WASHINGTON – The United States is spending more money that it should,and balancing the budget to recover from the large deficit will require some unpopular measures,the authors of a new report said Wednesday.
Economists Alice M Rivlin and Isabel V. Sawhill,both senior fellows at the Brookings Institution wrote the study,“Restoring Fiscal Sanity: How to Balance the Budget.” It argues that the deficit matters more than before,and that better policies are possible and needed urgently.
The authors believe that large deficits weaken the economy and lower family incomes.
The federal government is spending about $500 billion a year more than it raises in taxes. That gap that will expand to near $700 billion a year by 2014 and will continue to accelerate,“as the baby boom generation begins to retire,” said Rivlin at a panel discussion about the report.
“What we are worried about is that these deficits are not temporary,” said the economist.
Pointing out that less than three years ago the federal budget was running a surplus of $127 billion,the report explains that the bonanza is over. The authors blame the Bush administration tax cuts,a weak economy,government spending increases and a lack of concern for fiscal discipline.
If it weren't for surpluses in Social Security,Medicare and federal retirement programs,the final deficit estimate would exceed $1 trillion in 2014.
Rivlin said the gross domestic product would have to grow by 4 percent annually to achieve a balanced budget.
“We've had this from the early 1990s,but counting on it for a whole decade is a stretch,” Rivlin said.
Rivlin also said that passing large and unnecessary fiscal burdens to future generations is unfair and irresponsible. The deficit will eventually slow economic growth,increase household borrowing costs,require a growing proportion of income be devoted to paying interest on the national debt and raise indebtedness to foreigners,she said.
A major problem is that it foreigners lose confidence in the nation's economy,they might reduce their U.S. investments. The value of the dollar would then decline,and prices paid for imported goods would rise.
“I think there is also a risk … that the international markets would lose confidence in our currency because of our long-term fiscal regime,and also because of our large current account deficits,which as you all know,are partly a function,again,of our fiscal ill discipline,” said former Treasury Secretary Robert E. Rubin,now with Citigroup Inc.
Rubin said there is a risk that the international markets will demand sharply higher interest rates. “Repairing this fiscal mess is extremely difficult,but the longer we wait,the deeper the hole,” he said.
Both deficits and rising interest costs are likely to put downward pressure on government spending for education,nutrition and health care,according to the report.
Rivlin and Sawhill,with a large team of experts,came up with three ways of balancing the federal budget over the next 10 years – all involving some tax increases.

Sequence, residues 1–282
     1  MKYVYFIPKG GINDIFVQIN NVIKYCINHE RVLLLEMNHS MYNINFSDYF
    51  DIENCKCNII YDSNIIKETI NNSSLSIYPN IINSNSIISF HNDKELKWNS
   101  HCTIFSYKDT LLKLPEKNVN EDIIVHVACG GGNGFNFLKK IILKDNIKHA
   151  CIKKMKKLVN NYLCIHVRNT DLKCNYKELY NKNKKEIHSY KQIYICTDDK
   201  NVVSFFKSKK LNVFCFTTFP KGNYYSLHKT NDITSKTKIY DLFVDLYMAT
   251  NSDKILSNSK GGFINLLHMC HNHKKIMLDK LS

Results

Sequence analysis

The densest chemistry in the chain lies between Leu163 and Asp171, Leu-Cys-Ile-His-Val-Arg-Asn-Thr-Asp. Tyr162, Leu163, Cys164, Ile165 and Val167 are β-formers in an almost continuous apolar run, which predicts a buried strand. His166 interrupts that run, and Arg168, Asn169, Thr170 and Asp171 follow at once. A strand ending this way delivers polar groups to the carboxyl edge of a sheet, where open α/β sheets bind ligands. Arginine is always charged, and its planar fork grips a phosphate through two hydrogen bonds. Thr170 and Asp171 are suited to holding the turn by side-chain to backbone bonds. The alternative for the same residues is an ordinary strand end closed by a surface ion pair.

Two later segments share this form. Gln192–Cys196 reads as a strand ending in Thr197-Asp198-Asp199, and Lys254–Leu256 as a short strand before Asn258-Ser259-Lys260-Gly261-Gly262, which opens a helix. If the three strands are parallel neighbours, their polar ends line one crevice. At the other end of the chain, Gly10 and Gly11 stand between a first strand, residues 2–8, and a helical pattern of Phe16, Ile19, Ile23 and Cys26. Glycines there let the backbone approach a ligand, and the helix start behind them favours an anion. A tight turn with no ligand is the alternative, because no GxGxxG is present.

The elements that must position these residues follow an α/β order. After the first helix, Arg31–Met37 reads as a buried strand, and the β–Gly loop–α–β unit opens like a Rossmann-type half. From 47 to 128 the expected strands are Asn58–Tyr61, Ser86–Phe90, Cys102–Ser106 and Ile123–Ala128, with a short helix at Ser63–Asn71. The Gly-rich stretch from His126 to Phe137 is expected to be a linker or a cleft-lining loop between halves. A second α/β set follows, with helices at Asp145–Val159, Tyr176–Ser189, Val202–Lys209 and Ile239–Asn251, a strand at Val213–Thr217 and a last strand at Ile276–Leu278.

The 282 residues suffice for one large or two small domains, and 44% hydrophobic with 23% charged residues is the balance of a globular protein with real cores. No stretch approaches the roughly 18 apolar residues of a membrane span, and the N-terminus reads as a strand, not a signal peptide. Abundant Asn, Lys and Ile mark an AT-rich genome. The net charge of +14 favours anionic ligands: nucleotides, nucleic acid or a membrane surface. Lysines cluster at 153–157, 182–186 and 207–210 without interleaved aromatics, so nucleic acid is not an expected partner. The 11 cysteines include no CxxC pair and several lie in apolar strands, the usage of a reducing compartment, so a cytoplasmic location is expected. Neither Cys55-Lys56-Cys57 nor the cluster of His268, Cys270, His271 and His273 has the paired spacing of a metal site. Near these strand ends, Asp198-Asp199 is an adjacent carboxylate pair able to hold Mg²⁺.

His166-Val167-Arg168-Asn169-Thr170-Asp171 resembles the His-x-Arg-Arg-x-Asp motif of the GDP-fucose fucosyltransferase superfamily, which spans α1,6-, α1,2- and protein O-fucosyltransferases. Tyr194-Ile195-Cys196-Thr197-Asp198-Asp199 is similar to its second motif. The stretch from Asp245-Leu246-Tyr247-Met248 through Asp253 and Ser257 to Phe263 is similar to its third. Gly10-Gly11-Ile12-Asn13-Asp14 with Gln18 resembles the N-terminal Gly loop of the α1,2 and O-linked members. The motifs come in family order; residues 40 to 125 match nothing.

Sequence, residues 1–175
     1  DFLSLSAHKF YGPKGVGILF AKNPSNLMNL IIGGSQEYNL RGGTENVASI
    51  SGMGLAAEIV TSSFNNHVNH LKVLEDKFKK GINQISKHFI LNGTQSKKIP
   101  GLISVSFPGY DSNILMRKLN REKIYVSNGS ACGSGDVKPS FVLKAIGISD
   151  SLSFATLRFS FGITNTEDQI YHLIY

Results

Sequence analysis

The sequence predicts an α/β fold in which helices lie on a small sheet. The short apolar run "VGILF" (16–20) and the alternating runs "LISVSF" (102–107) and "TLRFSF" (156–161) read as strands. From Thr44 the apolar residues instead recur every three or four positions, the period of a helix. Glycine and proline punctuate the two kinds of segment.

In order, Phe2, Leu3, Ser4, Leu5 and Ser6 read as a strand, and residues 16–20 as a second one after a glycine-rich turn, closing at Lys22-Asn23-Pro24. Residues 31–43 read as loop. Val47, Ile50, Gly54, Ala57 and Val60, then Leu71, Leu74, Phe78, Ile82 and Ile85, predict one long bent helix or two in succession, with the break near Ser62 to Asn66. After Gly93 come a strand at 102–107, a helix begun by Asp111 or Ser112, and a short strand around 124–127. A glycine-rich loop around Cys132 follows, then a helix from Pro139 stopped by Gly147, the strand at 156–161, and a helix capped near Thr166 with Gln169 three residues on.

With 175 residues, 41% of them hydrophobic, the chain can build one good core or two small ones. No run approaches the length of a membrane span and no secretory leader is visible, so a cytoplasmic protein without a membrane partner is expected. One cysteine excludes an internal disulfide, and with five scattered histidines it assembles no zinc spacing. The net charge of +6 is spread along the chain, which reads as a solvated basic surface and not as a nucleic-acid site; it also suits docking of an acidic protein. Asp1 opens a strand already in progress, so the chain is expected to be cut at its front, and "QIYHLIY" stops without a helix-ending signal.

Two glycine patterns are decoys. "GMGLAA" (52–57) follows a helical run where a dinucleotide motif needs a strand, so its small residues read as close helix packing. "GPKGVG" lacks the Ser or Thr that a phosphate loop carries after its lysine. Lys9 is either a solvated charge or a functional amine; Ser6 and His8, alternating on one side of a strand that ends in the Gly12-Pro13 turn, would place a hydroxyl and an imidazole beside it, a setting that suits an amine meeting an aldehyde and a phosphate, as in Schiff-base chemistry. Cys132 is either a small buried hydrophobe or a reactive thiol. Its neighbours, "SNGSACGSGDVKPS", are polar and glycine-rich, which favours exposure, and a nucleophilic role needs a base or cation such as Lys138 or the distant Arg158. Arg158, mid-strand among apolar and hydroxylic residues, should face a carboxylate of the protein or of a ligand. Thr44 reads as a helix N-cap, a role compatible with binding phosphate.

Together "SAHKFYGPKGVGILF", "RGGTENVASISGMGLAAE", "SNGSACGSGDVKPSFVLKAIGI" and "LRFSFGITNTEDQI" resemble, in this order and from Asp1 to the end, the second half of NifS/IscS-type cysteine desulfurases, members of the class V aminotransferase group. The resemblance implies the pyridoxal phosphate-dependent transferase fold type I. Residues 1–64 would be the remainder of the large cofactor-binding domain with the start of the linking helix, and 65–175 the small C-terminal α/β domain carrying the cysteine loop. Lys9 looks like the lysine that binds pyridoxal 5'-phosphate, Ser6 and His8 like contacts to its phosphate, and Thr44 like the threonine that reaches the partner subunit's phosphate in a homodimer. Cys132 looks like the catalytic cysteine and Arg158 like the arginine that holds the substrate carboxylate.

“We don't expect everybody to buy our particular answers; indeed we will feel delighted if we start a more vigorous debate and lots of counterproposals” said Rivlin.
The “smaller government plan” would balance the budget primarily by cutting $400 billion in domestic spending. It proposes raising the gas tax by $134 billion and doing more to enforce existing tax laws.
“You can't get from where we are in the balance without new revenues; anyone who believes this should show specifically how it could be done,” said Sawhill.
Former congressman John E. Porter,R-Ill.,now a lawyer at the Hogan & Hartson law firm said that if he had been in Congress the past few years,he would have voted against the tax cuts.
“These messages are good politics,but frankly they are not good policies,” Porter said.
He emphasized that the deficit can't be solved without spending cuts.
Announcements such as the president's proposal to send men to Mars only make “the public think that we can afford anything. I think it will go away after the elections,but it's still the wrong message,” Porter said.
The “larger government plan” would scale back the 2001 tax cuts that benefited the affluent,eliminate the Social Security earnings ceiling so that all wages would be taxable and create a new value added tax,essentially a national sales tax,that would affect every American.
The third alternative,the “better government plan” emphasizes making government more efficient through reorganization and mixes elements from the other two proposals. Sawhill said this plan is more likely to be acceptable politically to both Republicans and Democrats.
“It's difficult to make the public focus on taxes and the debt. Unless the Americans feel it affects them personally and directly,they won't focus how wide our deficit is,” Porter said.
“Many of these actions will be unpopular,so the public very much needs to be convinced that deficits are sapping our national strength and undermining their own and their children's well being,” Sawhill said.